McCallie is an All-Boys Private Boarding School and Day School, a Christian-based College Prep School. 
McCallie seeks out and accepts boys from all ethnic, racial, religious, and socioeconomic backgrounds and places a high value on a diverse student body.

Foreign Languages

To begin a new language is to step into a new world. To speak a new language and study it is to explore the cultures of those who speak the language. To master a language is to walk among its people and its countries and understand, communicate and appreciate.

Languages encourage those who study them to taste and touch and hear and see and feel.

The Foreign Language Department at McCallie supports the active learning needs of boys through a program that stresses active participation and communication. Boys at McCallie participate in a language by speaking, listening, reading, and writing, using materials that are authentic to the culture of the language. Through a process of language immersion in the classroom, boys learn to communicate effectively in the target language.

Courses

Languages 710 - Latin 1A

Course Description: 
This course is the first half of a two-year sequence of a course in Latin vocabulary, grammar, and syntax. The primary goals of Latin 1A are to provide the student with a solid foundation in the ancient language, an introduction to Roman culture, and an awareness of English vocabulary that is derived from Latin. The stories in the text follow the daily lives of a family living in the city of Rome who also own a villa near Pompeii. (Two semesters, 7th Grade).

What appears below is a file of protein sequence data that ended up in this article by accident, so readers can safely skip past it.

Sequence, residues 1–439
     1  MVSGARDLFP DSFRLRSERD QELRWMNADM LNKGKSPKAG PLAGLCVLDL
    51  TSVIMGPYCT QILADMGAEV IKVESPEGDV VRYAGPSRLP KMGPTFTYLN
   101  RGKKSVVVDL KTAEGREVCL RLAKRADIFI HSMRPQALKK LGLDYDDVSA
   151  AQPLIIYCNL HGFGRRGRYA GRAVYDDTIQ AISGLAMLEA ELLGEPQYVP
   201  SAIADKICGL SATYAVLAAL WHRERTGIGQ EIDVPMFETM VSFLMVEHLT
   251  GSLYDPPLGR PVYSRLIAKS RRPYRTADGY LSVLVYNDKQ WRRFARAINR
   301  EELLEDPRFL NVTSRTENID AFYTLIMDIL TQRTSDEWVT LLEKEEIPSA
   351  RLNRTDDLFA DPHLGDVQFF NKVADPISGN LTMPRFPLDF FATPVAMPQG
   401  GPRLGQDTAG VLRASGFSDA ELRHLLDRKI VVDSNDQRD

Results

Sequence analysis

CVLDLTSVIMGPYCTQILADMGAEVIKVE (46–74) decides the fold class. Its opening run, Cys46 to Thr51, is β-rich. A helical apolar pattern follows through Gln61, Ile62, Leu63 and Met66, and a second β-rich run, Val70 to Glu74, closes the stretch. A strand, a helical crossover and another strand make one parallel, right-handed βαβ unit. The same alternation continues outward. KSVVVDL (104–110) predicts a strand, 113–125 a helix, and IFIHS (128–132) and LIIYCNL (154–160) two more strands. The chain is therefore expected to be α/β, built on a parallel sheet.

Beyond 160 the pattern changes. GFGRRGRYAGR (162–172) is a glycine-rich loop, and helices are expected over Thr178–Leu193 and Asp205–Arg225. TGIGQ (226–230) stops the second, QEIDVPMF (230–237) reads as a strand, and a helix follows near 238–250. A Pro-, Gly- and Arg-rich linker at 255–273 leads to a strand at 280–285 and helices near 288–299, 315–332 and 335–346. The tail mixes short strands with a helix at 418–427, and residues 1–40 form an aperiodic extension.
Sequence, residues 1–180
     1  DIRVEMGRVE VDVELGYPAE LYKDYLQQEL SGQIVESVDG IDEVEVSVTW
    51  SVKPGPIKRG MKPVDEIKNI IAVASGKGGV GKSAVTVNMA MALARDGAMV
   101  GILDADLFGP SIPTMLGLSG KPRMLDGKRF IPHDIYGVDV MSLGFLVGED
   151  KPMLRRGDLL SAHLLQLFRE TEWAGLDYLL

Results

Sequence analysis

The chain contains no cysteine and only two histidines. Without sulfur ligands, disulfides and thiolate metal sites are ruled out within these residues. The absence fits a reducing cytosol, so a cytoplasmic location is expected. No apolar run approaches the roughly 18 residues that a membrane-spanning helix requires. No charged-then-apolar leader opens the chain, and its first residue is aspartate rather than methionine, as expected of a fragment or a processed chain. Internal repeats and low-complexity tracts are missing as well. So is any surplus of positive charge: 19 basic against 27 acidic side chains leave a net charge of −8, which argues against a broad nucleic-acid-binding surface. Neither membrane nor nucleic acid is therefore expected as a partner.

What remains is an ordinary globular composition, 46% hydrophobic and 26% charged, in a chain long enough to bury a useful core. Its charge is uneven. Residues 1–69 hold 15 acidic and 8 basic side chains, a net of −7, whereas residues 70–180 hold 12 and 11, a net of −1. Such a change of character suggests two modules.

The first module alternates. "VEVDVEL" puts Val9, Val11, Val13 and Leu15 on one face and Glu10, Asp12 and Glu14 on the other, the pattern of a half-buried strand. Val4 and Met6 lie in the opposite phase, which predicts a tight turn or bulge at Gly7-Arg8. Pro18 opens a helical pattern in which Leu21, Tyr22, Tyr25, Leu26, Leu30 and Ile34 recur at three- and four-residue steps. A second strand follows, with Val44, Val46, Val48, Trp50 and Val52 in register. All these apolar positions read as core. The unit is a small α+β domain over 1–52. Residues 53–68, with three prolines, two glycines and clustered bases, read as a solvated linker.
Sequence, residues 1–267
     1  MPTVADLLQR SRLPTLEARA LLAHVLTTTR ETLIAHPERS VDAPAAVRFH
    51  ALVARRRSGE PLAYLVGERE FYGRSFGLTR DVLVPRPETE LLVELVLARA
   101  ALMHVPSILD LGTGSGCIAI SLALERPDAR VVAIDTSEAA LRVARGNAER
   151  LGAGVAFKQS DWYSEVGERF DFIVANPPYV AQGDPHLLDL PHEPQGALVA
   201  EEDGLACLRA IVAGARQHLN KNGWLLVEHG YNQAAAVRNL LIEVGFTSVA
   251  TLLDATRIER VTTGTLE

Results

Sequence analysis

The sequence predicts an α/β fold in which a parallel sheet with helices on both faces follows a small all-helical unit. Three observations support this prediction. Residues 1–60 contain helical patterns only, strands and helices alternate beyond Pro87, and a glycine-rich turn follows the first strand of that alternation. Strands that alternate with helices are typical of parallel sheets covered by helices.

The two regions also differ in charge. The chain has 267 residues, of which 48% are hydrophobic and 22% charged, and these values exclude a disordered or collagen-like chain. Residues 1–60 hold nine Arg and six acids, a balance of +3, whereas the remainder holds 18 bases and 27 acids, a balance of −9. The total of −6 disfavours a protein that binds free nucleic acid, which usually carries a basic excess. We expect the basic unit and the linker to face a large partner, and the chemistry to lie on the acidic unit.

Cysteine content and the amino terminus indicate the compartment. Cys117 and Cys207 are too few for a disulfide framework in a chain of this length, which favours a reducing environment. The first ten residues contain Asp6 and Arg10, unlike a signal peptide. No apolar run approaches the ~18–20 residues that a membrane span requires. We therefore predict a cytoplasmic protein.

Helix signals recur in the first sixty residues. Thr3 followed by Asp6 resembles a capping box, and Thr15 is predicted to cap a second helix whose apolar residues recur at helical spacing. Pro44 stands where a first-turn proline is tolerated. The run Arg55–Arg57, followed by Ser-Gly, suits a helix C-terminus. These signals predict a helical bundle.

Academic Goals:

  1. The course content will include the following grammatical topics (Chapters 1 - 17):
    1. Declensions: first, second, and third.
    2. Noun cases: nominative, genitive, dative, accusative, ablative, and vocative.
    3. Conjugations: first, second, third, and fourth.
    4. Verb tenses: present, imperfect, and perfect.
    5. Adjectives: positive, comparative, and superlative.
    6. Irregular verbs: sum, possum, volo, nolo, fero, eo.
    7. Personal pronouns/personal endings.
    8. Subject-verb agreement.
    9. Questions: interrogatives, rhetorical, and enclitic -ne.
    10. Number: singular/plural.
    11. Person: first, second, and third.
    12. Word order.
    13. transitive/intransitive/linking verb
    14. gender: masculine, feminine, neuter
    15. noun/adjective agreement
    16. complementary infinitive
    17. imperative
  2. The course content will include the following cultural topics:
    1. The city of Pompeii.
    2. The Roman family.
    3. Houses in Pompeii.
    4. Daily life.
    5. Professions.
    6. Dress
    7. Slaves and freedman and the slave market.
    8. The Roman Villa.
    9. Head of the family.
    10. Schools and education.
    11. Roman Travel.